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Today I stumbled upon the word Imbissstand and was pretty fascinated by it having three of the same letters in a row (in this case, s) and I was wondering if there were any other German words like that.

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Theoretically you could even have four identical letters in a row, though any examples I can come up with are rather contrived -- "Wollllama" (a llama made of (or producing) wool) and "Oberlaaaal" (an eel from Oberlaa). – Felix Pahl Feb 25 at 15:47
@FelixPahl: Unfortunately, in German, Lama is spelled with only one L. – Heinzi Feb 25 at 19:29
@FelixPahl: Or simply "Aaaal". – r0estir0bbe Feb 26 at 10:08
When I was living in Zürich I came across the word Rollladen. – kasperd Feb 26 at 13:49
I like "Teeei". – Landei Feb 27 at 15:57
up vote 33 down vote accepted

While there are no atomic words with three identical letters in a row, this pattern can sometimes be found in compounds. Compounds (the German word is Kompositum) are a combination of two or more words. One way to form them is by prepending a descriptive word in front of the main word (there are many other ways, they are all described here). Now, if such a compound creates a sequence of three times the same letter, the rule is to keep it that way. Note: this has been changed 1996 with the 'Rechtschreibreform'.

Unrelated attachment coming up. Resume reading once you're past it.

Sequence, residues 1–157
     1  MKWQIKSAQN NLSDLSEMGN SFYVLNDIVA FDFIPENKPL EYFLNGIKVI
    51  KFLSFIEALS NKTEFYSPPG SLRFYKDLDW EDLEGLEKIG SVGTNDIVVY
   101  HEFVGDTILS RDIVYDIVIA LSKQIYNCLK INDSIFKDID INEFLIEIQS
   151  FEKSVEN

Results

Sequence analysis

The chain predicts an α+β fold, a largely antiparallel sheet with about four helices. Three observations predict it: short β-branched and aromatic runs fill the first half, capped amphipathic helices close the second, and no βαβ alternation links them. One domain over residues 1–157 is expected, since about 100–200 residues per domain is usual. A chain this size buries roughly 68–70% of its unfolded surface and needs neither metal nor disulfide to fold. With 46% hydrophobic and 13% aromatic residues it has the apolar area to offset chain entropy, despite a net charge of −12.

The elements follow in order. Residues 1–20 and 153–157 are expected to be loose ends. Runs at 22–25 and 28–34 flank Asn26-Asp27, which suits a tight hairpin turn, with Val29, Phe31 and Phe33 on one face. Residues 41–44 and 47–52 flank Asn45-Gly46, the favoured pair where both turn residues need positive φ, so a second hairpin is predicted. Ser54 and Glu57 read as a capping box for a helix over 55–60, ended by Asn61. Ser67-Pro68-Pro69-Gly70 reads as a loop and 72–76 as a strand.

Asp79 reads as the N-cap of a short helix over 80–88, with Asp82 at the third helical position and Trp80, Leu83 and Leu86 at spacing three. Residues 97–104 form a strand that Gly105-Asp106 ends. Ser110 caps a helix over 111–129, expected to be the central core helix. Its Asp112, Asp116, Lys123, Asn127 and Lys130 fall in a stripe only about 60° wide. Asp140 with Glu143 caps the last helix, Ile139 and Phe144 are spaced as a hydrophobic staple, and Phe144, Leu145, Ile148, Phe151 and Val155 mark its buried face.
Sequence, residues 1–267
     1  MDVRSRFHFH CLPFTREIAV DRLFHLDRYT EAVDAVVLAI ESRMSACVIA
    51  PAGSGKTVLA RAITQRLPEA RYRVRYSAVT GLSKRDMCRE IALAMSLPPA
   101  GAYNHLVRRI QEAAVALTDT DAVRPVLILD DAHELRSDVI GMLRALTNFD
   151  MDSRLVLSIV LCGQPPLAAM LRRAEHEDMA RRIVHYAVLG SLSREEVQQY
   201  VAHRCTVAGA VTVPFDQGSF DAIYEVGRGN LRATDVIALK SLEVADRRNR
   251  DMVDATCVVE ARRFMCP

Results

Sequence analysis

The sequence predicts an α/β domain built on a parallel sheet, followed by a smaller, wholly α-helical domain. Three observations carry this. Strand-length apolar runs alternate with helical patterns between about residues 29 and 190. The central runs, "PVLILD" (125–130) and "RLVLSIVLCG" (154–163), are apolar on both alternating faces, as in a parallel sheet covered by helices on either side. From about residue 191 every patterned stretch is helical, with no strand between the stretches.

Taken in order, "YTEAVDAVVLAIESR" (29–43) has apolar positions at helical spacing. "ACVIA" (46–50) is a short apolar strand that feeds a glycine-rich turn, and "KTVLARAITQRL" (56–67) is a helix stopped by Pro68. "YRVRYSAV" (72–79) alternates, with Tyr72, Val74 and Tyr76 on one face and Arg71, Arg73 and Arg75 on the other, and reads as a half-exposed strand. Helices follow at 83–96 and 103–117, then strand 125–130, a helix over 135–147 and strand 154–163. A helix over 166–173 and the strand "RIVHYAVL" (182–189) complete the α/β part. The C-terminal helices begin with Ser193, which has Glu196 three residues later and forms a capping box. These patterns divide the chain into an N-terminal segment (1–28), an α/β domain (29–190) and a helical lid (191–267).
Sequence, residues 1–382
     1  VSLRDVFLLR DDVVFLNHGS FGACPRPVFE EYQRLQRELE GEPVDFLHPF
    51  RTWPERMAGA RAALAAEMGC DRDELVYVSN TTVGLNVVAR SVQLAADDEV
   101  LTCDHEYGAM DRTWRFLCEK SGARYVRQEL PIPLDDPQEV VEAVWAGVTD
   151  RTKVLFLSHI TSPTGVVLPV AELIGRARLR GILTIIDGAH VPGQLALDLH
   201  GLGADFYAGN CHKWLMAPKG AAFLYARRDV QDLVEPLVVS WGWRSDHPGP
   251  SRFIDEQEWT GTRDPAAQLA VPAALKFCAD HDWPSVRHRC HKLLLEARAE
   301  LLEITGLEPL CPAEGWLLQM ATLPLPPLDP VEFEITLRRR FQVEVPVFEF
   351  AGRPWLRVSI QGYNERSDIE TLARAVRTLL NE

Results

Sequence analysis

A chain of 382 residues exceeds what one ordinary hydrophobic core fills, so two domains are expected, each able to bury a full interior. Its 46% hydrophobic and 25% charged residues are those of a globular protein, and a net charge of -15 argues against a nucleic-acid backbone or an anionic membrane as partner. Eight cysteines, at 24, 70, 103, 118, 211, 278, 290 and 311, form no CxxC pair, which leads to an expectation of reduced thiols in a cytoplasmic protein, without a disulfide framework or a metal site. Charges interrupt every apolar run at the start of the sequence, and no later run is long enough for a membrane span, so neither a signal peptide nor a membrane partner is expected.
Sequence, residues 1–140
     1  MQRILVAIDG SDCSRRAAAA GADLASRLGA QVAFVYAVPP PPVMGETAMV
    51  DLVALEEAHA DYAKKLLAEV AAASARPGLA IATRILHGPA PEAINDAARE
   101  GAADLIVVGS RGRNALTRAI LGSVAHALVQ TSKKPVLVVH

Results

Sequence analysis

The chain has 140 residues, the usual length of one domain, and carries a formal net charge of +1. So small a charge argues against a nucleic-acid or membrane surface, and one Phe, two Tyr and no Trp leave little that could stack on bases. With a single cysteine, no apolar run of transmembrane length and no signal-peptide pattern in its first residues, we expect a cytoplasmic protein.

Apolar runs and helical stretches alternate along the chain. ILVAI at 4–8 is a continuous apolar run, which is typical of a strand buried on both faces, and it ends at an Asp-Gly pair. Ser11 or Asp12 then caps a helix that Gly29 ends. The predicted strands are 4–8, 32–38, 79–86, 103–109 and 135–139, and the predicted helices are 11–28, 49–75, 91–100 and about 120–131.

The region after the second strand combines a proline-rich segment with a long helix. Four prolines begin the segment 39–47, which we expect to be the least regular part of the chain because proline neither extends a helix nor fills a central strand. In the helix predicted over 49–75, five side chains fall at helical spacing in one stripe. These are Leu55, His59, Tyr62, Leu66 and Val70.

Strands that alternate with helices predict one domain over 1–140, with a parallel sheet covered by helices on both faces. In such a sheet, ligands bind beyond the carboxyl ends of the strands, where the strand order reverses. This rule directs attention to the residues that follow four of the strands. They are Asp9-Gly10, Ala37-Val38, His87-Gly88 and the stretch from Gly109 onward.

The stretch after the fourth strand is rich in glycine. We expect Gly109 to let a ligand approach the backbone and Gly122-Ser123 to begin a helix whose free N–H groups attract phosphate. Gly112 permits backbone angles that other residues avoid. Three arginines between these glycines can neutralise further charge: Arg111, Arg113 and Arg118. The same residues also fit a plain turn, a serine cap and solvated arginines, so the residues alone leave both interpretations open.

Some examples (from

  • Brennnessel
  • Schifffahrt
  • grifffest
  • schnelllebig

There are, however, some exceptions (these are not considered compounds):

  • dennoch
  • Drittel
  • Mittag
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Since you mention the 1996 spelling reform: Note that even before, three identical letters in a row were possible, as only triple consonants between vowels were reduced to two, leaving words such as Seeelefant and Sauerstoffflasche untouched. – chirlu Feb 25 at 2:51